Friday, January 22, 2010

What is software "maintenance" anyways?

Something that has been beginning to annoy me lately is the term "software maintenance".  Why?  Because the metaphor of maintenance is meaningless to a technical person and implies too much meaning, that doesn't fit software, to business people.  What are these oh-so-bad implications?  Ever hear any of these?
- "Maintenance projects can't use, or are not a good fit for Agile."
- "[Jane/Joe Programmer] is a maintenance developer."
- "80% of a (software) project's costs are from maintenance."
- "Maintenance funding is a corporate expense." (vs. a capital investment)
- "[Project X] is in its maintenance phase."

Some of these sound important, like project funding or costs, and others sounds absolutely ridiculous.

First, let me define maintenance using my favorite definition:
"The work needed to keep an asset in a condition that enables it to retain its original value or service potential.  Maintenance does not extend an asset's normal expected life." -- [Here is the original source I tweaked it to be a bit more specific.]

Next, let's take a look at the kind of tasks one might see on a so-called maintenance project.
1. Bug fixes
2. Performance tuning
3. Infrastructure/Technology upgrades
4. Refactoring (improving code without changing its function)
5. Enhancements and changes
6. Adding whole new features

After reviewing the list above, a few things jump out at me:
First, only items 1-3 fit squarely into the definition of maintenance given above.
Second, for every maintenance project I've ever been on, 60%-80% of my time was spent on items 4-6.
(So why do we say that 80% of a project's costs are in maintenance when so much "maintenance" activity is not even really maintaining the product?!)
Third, (and most importantly) all the items on the list are things I do on new development projects!

My conclusion?

It's all just software development!  I know this isn't exactly a great revelation to techies or anything, but it is important that this is realized, especially by managers and business folks.  "It's all just software development" is the technical equivalent to "he's just not that into you".  This realization frees the mind from the flawed metaphor of maintenance and all the wrong preconceived notions it drags along with it.  Of course Agile principles sill apply; its software development! So-and-so is not a maintenance developer.  So-and-so is just a developer!  Software doesn't have a maintenance phase that is costly.  There is simply a choice of whether to continue to add value to the business by enhancing the software or not.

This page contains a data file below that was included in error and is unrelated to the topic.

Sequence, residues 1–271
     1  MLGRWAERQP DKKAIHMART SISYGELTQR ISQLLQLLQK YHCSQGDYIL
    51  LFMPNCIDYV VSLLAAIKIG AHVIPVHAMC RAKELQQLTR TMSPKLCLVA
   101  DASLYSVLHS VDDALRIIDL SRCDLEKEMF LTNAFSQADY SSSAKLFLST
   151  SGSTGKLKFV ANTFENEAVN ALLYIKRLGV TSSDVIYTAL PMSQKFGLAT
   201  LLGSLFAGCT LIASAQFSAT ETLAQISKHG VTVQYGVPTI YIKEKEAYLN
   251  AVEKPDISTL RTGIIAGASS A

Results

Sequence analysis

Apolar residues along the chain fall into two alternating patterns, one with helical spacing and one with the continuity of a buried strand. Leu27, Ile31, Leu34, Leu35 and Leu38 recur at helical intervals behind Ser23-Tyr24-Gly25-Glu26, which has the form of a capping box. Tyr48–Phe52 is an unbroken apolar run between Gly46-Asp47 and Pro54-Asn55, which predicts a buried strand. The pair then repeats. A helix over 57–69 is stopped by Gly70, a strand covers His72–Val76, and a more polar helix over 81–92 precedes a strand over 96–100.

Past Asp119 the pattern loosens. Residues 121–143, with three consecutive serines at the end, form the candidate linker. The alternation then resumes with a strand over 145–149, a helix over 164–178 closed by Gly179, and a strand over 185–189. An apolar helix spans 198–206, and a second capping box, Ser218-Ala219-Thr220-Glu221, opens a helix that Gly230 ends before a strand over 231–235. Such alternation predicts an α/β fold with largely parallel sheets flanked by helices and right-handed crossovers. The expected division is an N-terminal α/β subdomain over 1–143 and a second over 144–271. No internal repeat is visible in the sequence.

A few caveats before I get flamed.
Yes, continually enhancing code can become very costly if corners are cut, test harnesses are not in place, and technical debt continues to pile up.  Usually at some point, a critical mass is hit and, if the system is needing to be enhanced, a rewrite will be required.  This brings on problems of its own that could (and maybe someday will) warrant its own blog post.
Yes, there is such a thing as maintenance for software, but I will assert that it is only items 1-3 in the list above.  Those are the only items that simply maintain the software in its original intended state, providing its original intended value to the business.

So what is missing?  If its "all just software", why do I like some projects and not others?  What is the key differentiator?

Well, some projects I don't like because I inherited them and they were poorly designed or poorly written or dont have any tests, or seems like some amorphous blob attempting to suck out my soul.  But you know what though, while these can be sluggish to wade through, there is also some sense of accomplishment in getting to make it all better!  It is a different kind of joy than getting to design and implement a brand-spankin-new solution, but both are programming and both can be enjoyed for different reasons. So I dont really believe any of those negative aspects of Legacy Code are the key differentiator.

I think the real issue is something I have started calling the Development/Support Dichotomy, or DSD for short.  DSD occurs when some piece of a software project is being used in production.  The problem this causes is when something breaks hard and business stops or is severely impacted and the team or individual working on the project must stop planned work and react to unplanned work.

My next article will be more detail on DSD as well as ways to solve it.  For now, can we all agree that true software maintenance is pretty narrowly defined, and not actually that bad?  Could we further agree that, most of the time, what we are asked to do under the term "maintenance" is actually some other kind of on going software operations? (or even better, continued investment?)  Great!  Now let's get the business and management types thinking and speaking that way!

1 comment:

  1. Jeff Atwood compiled some great thoughts on software maintenance a while back.

    In particular I like the idea that all programming is maintenance programming, with the exception of the first 10 minutes you're writing the code.

    To put it pithily:
    "Always code as if the person who ends up maintaining your code is a violent psychopath who knows where you live."

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